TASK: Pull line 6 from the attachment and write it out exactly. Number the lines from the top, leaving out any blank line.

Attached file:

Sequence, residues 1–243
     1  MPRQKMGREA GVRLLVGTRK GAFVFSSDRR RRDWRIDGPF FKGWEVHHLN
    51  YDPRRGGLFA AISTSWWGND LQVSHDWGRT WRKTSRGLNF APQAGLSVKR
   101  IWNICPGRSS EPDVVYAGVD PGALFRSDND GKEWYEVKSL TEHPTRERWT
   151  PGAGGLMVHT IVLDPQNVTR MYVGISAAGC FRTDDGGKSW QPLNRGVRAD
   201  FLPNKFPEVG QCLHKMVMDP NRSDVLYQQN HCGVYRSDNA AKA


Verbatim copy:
   201  FLPNKFPEVG QCLHKMVMDP NRSDVLYQQN HCGVYRSDNA AKA